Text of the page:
Here are 7 questions to ask as you consider the best ecommerce business ideas:
- Is this idea actionable?
- Is this idea measurable?
- Is this idea financially responsible?
- Is this idea time-bound?
- Is this idea sustainable?
- Is this idea realistic?
- Is this idea going to help me stand out from the competition?
Most of your ideas will get an affirmative answer from a handful of these questions. If you only answer yes on 4 or less, toss the idea aside and move on to the next. If you answer yes to 6 or more, don’t delay. Put it into action before one of your competitors does it first.
Here’s an example of how your pursuit of ecommerce excellence might look in real-time. First, you notice that one of the top-performing websites you follow places all their ads and lead forms on the right rail. This is odd because all the sites in your industry avoid the right side of the page because they’re wary of “right rail blindness.” This theory suggests that users are so accustomed to seeing ads and promotions on the right side of web pages that they no longer even register what’s there.
But this website you’re following seems to completely contradict this line of thinking. Then it hits you… as everyone rushed to move their lead forms and ads to the left rail, they created a new area of user blindness. Now, users in your industry are totally numb to what’s being displayed on the left.
So you have the opportunity to stand out in a truly unique way. You can be the pioneer who moves back to the right.
You call your web developer and discuss the most strategic ways to migrate your lead forms to the right. She tells you she can have the project completed within 3 weeks.
Okay, this is exciting. You might really have a brilliant idea here. But this is no time to rest on your laurels. You’ve got to keep innovating in the meantime. When it comes to ecommerce, there’s truth to the saying that “You’re either green and growing or ripe and rotting.”
While waiting for your developer to finish the redesign, you tackle a few more initiatives. First, you add a new hero image to your most popular product page. Then you launch a promotion to drum up excitement for the product you’ll be launching soon. Finally, you contact a company in an adjacent industry and discuss a collaboration that would really get both customer bases excited.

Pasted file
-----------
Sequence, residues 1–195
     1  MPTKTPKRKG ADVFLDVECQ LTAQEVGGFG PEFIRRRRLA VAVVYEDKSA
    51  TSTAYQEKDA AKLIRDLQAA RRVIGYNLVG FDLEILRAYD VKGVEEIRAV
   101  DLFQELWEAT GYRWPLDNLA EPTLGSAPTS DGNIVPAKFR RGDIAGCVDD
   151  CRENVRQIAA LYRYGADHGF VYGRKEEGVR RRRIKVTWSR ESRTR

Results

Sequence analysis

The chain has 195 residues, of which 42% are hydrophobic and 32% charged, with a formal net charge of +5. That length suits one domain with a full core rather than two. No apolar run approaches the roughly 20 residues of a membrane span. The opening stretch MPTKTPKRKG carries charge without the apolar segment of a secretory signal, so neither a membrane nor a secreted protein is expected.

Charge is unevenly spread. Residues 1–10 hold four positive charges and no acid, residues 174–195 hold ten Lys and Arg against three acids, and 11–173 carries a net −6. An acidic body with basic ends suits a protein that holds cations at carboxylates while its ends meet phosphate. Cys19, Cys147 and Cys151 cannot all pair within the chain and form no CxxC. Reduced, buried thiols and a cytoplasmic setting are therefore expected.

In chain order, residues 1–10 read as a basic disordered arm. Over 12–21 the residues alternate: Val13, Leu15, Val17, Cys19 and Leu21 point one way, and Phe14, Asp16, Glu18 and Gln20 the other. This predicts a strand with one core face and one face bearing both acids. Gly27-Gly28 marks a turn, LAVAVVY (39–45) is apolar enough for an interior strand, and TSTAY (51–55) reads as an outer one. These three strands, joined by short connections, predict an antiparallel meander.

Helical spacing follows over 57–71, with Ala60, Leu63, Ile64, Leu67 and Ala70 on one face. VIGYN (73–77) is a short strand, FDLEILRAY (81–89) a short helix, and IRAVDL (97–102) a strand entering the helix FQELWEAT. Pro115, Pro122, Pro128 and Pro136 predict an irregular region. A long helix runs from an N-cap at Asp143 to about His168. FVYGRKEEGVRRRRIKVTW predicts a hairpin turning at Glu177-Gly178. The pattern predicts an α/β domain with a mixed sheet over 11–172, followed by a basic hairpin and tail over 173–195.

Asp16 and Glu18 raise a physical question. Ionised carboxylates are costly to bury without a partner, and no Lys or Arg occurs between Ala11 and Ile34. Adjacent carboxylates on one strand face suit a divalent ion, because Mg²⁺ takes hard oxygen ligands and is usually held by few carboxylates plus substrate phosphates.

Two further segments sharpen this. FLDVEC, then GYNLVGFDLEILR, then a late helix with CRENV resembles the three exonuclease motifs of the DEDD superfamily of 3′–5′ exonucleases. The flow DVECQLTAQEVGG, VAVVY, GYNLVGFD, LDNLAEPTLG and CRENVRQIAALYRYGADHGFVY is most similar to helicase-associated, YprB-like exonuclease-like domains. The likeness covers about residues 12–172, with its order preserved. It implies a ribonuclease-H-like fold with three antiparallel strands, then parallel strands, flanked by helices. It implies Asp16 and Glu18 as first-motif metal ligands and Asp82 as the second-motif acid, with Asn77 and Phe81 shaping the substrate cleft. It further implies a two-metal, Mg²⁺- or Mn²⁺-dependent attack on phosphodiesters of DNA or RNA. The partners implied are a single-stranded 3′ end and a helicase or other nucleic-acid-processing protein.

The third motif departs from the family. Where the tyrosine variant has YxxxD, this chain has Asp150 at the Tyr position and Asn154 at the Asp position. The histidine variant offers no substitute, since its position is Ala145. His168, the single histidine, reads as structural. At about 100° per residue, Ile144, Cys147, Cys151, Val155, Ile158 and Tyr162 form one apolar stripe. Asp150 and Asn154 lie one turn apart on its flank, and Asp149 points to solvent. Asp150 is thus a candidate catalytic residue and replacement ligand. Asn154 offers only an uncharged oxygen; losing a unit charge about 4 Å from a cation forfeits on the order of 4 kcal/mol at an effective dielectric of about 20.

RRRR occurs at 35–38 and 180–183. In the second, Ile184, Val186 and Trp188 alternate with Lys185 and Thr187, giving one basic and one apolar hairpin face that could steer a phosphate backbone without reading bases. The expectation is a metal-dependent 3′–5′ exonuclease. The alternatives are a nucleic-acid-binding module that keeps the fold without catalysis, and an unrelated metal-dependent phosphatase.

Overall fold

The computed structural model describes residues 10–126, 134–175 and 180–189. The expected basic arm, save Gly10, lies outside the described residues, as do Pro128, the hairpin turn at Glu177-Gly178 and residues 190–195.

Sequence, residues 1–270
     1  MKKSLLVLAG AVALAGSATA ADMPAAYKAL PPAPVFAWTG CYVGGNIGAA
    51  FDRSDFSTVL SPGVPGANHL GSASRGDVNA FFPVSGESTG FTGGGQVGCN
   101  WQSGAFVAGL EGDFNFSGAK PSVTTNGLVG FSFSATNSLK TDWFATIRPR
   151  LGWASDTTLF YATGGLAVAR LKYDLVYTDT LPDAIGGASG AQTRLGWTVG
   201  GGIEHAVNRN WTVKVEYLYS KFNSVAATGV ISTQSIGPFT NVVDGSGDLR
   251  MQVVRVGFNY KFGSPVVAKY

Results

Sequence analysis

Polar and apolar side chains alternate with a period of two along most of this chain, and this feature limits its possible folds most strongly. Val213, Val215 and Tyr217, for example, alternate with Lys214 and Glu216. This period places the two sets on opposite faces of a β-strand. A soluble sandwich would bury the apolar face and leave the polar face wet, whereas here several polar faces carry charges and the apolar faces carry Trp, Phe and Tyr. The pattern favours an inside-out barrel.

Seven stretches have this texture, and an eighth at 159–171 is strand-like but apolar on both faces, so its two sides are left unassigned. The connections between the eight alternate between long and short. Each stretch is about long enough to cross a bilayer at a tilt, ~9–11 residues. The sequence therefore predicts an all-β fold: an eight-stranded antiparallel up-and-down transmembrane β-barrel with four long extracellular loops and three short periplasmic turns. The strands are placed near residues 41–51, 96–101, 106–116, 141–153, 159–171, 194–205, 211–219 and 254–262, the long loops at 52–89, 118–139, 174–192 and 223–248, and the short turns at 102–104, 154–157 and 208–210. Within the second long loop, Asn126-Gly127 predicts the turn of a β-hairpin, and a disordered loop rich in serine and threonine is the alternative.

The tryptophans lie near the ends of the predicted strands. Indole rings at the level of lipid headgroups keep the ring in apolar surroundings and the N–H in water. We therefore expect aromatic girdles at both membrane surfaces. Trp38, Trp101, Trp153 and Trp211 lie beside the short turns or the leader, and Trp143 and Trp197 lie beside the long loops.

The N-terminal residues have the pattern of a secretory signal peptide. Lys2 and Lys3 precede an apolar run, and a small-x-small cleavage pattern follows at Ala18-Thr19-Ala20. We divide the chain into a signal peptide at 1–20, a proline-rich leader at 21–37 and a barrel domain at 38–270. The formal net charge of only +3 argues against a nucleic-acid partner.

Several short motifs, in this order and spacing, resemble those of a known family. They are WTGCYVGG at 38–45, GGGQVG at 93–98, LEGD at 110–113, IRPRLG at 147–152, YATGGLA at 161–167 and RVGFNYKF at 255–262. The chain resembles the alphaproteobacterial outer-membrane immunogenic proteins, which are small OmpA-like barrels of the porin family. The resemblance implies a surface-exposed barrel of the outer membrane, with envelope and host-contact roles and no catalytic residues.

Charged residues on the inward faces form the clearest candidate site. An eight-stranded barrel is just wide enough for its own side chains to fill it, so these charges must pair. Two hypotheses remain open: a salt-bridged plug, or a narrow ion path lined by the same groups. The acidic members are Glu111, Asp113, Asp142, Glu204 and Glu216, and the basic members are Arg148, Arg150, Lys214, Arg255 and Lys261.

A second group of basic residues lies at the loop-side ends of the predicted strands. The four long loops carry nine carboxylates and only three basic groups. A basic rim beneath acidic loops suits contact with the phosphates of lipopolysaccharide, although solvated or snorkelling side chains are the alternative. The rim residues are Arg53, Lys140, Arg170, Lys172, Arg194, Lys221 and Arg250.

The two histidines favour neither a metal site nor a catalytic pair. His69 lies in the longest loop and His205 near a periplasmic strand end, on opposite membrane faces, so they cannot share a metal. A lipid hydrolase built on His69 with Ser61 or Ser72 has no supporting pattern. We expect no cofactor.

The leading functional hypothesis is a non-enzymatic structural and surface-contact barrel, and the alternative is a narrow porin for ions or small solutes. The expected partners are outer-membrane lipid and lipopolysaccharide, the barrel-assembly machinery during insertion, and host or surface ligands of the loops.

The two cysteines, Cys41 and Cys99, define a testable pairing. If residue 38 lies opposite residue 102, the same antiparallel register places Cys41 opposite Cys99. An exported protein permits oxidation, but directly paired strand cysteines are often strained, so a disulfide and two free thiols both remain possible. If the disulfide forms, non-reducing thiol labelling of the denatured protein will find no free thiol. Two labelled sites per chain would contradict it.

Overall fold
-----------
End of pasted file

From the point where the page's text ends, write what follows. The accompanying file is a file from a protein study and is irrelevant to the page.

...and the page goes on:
As this example shows, implementing just one ecommerce idea can build momentum throughout your business.
6 Ecommerce Business Ideas to Think About
Did this right rail web design example get the gears moving in your brain? It’s likely that there are several disruptive ideas like this that are within your reach right now. All it takes is the inspiration to conceive them and the gumption to make them happen.
Here are 6 ideas to prime the pump. Perhaps 4 or 5 will be perfect for your business. Maybe only one will. But even if it’s just a single idea that ignites things for you, the time you spent testing and learning will bring an astounding return on investment.
With no further ado, here are the best ecommerce ideas to implement in your business:
1. Leverage Upselling
Getting a customer interested in your products is a powerful thing. Of all the millions of things they could’ve looked at online at any given moment, they chose to look at something that you sell. This action is often taken for granted, but it truly is special.
If you find that customers are consistently engaging with one of your products, it’s a great idea to create an upsell opportunity. Why upsell? Because you’ve got a positive spark moving an individual to buy your product, so why not throw a little gasoline into the mix so you increase the flame?
As Ivan Kreimer explains: